A happy crew on Isbjorn today despite the lack of wind the last 12 hours. As forecasted the wind was predicted to get light during the night and it did.
At 0459 this morning, Isbjorn and her crew crossed 66º 33’ north latitude, and entered the Arctic. I’d have preferred to do it under sail of course, but motor-sailing on an oily calm sea, the mountains of northern Norway in the background standing watch in the silvery morning light…well, it ain’t that bad!
In lieu of my recent arrival to Sweden today (I flew overnight from Newark-Oslo-Stockholm, and am going on one hour of sleep and four cups of strong Swedish coffee), I wanted to re-post this blog from two years ago when Arcturus made her first arrival in Sweden. It was an emotional moment for Mia and I (especially Mia), and it seems simultaneously like yesterday and ages ago.
Arcturus has spent all of last winter hauled out in Öregrund - we'll launch her next week, and get back to living aboard for the remainder of the summer here in Scandinavia. No plans yet on where we're headed, but stay tuned. I'll be writing about it. In the meantime, enjoy this revisited post...
350 NW of Bermuda...
'Sleijride' is nearly halfway back to Newport on the return delivery following the Bermuda Race last week. We're in cruising mode again, down to four crew (from six), and enjoying single-handed watches steered by autopilot, 9 hours of rest, reading (!), and motor sailing through the calms.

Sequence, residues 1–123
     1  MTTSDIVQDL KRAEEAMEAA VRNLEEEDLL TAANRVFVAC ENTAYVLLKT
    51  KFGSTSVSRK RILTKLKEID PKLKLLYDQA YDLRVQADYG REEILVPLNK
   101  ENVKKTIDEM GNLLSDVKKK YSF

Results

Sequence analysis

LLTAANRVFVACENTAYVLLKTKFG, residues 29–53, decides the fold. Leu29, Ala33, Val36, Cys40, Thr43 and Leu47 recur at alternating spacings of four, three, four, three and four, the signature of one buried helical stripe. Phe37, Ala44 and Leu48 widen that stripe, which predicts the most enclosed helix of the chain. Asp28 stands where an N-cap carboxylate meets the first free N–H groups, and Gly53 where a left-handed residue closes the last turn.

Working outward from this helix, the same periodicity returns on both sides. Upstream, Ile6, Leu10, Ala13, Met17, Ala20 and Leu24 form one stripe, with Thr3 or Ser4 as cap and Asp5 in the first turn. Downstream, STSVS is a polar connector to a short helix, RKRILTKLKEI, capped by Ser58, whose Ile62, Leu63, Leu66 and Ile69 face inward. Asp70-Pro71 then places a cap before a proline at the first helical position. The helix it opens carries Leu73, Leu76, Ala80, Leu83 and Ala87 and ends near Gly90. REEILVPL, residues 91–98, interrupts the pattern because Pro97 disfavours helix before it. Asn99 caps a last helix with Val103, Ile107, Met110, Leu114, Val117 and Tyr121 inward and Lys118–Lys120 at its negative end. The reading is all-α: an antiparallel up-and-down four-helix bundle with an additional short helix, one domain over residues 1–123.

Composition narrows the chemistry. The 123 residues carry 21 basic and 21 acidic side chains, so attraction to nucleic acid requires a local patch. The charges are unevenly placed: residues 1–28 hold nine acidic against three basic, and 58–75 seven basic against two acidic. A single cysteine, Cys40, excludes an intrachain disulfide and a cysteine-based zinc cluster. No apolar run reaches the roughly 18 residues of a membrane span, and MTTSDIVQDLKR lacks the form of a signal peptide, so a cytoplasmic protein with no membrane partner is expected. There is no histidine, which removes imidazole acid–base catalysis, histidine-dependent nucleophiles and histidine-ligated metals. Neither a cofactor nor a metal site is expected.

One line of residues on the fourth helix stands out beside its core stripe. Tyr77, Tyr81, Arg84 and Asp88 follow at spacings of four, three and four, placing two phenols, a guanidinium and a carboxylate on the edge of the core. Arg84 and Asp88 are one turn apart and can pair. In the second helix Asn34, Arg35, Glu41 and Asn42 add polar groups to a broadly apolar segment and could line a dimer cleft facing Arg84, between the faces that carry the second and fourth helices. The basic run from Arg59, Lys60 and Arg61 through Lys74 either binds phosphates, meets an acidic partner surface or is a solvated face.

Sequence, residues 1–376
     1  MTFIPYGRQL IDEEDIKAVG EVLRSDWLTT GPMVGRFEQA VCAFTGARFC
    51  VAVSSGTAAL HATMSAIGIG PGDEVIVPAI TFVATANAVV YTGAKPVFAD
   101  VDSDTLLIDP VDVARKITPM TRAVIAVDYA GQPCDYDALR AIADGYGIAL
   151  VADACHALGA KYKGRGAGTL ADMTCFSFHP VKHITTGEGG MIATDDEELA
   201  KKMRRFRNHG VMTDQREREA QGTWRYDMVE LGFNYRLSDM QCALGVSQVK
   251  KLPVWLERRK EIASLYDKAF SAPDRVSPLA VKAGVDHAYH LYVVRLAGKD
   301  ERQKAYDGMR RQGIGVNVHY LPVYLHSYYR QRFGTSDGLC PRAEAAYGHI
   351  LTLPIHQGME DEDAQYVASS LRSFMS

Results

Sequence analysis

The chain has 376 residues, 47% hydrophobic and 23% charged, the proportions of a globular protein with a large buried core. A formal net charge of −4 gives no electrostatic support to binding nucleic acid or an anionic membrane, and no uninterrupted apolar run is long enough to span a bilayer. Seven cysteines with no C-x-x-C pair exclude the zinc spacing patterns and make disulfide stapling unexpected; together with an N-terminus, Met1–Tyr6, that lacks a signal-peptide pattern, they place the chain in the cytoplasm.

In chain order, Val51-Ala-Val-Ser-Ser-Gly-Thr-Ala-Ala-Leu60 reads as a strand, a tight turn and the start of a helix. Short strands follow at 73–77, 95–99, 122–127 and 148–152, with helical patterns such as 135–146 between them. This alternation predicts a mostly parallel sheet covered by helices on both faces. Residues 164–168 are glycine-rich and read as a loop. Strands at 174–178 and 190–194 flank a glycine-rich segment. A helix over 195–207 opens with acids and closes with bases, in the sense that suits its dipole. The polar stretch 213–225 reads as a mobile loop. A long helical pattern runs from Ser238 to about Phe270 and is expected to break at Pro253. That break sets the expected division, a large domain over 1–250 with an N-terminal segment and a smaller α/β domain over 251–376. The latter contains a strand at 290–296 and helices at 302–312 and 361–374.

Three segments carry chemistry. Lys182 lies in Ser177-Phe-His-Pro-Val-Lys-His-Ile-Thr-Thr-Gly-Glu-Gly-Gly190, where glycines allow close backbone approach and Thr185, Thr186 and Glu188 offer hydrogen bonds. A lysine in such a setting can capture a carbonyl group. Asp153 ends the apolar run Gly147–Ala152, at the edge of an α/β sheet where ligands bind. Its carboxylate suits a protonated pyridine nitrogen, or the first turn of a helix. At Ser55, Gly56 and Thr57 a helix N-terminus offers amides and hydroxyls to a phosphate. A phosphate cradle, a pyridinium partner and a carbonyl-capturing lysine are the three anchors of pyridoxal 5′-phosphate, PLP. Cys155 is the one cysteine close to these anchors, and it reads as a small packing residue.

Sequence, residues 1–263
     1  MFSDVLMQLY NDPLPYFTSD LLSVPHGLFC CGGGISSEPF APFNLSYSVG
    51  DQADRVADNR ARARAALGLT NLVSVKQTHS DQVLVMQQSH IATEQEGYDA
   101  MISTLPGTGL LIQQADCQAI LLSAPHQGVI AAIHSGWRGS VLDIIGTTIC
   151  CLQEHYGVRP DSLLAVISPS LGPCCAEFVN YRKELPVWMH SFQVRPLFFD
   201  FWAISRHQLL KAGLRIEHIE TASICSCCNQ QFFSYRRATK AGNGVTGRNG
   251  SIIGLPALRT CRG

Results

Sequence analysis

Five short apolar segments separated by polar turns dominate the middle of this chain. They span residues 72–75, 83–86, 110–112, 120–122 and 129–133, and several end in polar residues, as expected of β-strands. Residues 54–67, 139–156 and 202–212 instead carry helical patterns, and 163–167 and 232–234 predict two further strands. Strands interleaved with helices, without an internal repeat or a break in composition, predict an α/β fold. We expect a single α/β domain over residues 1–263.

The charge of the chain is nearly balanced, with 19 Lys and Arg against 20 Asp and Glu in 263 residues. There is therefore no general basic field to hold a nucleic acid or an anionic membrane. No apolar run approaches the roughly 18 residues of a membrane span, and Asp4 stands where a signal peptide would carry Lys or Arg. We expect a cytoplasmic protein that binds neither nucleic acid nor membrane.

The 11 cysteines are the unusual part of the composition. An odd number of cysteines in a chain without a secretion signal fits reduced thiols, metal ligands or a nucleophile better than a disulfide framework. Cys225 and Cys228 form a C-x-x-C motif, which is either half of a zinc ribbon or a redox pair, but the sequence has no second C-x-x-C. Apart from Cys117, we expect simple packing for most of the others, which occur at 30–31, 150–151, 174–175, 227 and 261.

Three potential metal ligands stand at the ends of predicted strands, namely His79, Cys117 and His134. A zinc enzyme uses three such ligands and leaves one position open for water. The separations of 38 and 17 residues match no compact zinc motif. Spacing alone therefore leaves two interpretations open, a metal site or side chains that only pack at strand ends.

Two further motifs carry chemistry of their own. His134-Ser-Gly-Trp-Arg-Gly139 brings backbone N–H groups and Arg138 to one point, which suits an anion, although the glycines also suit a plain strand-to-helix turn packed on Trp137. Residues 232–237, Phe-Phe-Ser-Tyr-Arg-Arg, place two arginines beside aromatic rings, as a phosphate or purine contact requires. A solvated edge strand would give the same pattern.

My mom is directly responsible for a lot of things in my life, most obviously life itself. I'm writing this from Bermuda because she constantly espoused "do what you love, and the money will follow." But it's that one day in the driveway when we were throwing the football and I asked her to help me get healthy and in shape that I'm reminded of most today. I wrote about it last week. And if I die at age 62 like she did with an alien growing inside my head, well, I will have lived well. As she did, thanks to her.
Here comes No. 4 in the ongoing 'Don Street Stories' series. This one was intended to be run as a sidebar to the magazine article, and it's less of a 'story' than it is my own thoughts on one of Street's most vehement opinions, and that's manual bilge pump capacity. Don't get me wrong - I agree 100% with Street that boats going offshore need more pump capacity - but my thoughts below represent what I see actually happening in the ocean sailing world, not necessarily what I think is right. Interestingly enough, Patrick Shaughnessy, President of Farr Yacht Design, and I talked about this very topic in my last podcast episode. Here goes.